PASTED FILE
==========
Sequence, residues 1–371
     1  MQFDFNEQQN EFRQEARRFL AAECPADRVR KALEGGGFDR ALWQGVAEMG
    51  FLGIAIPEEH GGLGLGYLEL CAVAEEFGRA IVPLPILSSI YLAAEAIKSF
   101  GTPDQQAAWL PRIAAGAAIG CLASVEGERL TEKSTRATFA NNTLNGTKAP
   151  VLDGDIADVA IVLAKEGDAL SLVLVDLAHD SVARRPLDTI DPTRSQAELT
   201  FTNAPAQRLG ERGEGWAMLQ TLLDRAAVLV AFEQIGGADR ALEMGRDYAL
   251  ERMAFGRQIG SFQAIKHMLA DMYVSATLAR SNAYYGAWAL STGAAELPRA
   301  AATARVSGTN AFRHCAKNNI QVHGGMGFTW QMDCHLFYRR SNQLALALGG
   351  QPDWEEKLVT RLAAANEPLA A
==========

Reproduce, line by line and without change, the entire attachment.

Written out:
Sequence, residues 1–371
     1  MQFDFNEQQN EFRQEARRFL AAECPADRVR KALEGGGFDR ALWQGVAEMG
    51  FLGIAIPEEH GGLGLGYLEL CAVAEEFGRA IVPLPILSSI YLAAEAIKSF
   101  GTPDQQAAWL PRIAAGAAIG CLASVEGERL TEKSTRATFA NNTLNGTKAP
   151  VLDGDIADVA IVLAKEGDAL SLVLVDLAHD SVARRPLDTI DPTRSQAELT
   201  FTNAPAQRLG ERGEGWAMLQ TLLDRAAVLV AFEQIGGADR ALEMGRDYAL
   251  ERMAFGRQIG SFQAIKHMLA DMYVSATLAR SNAYYGAWAL STGAAELPRA
   301  AATARVSGTN AFRHCAKNNI QVHGGMGFTW QMDCHLFYRR SNQLALALGG
   351  QPDWEEKLVT RLAAANEPLA A